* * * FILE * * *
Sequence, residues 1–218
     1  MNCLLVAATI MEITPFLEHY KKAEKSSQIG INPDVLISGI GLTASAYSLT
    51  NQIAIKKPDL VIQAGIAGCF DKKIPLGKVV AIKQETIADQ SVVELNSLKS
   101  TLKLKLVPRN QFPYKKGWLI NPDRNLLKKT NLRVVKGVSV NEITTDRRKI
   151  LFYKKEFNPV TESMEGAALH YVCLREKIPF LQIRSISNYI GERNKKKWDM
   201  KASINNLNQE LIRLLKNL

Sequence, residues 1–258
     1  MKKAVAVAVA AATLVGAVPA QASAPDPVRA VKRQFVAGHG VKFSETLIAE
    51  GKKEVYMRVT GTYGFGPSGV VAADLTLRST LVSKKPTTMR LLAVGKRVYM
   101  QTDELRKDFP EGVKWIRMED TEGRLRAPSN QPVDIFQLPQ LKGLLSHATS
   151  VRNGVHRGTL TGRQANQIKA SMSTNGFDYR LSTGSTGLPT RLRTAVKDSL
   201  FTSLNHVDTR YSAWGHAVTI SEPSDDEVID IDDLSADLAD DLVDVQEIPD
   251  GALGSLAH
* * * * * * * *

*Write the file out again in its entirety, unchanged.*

Sequence, residues 1–218
     1  MNCLLVAATI MEITPFLEHY KKAEKSSQIG INPDVLISGI GLTASAYSLT
    51  NQIAIKKPDL VIQAGIAGCF DKKIPLGKVV AIKQETIADQ SVVELNSLKS
   101  TLKLKLVPRN QFPYKKGWLI NPDRNLLKKT NLRVVKGVSV NEITTDRRKI
   151  LFYKKEFNPV TESMEGAALH YVCLREKIPF LQIRSISNYI GERNKKKWDM
   201  KASINNLNQE LIRLLKNL

Sequence, residues 1–258
     1  MKKAVAVAVA AATLVGAVPA QASAPDPVRA VKRQFVAGHG VKFSETLIAE
    51  GKKEVYMRVT GTYGFGPSGV VAADLTLRST LVSKKPTTMR LLAVGKRVYM
   101  QTDELRKDFP EGVKWIRMED TEGRLRAPSN QPVDIFQLPQ LKGLLSHATS
   151  VRNGVHRGTL TGRQANQIKA SMSTNGFDYR LSTGSTGLPT RLRTAVKDSL
   201  FTSLNHVDTR YSAWGHAVTI SEPSDDEVID IDDLSADLAD DLVDVQEIPD
   251  GALGSLAH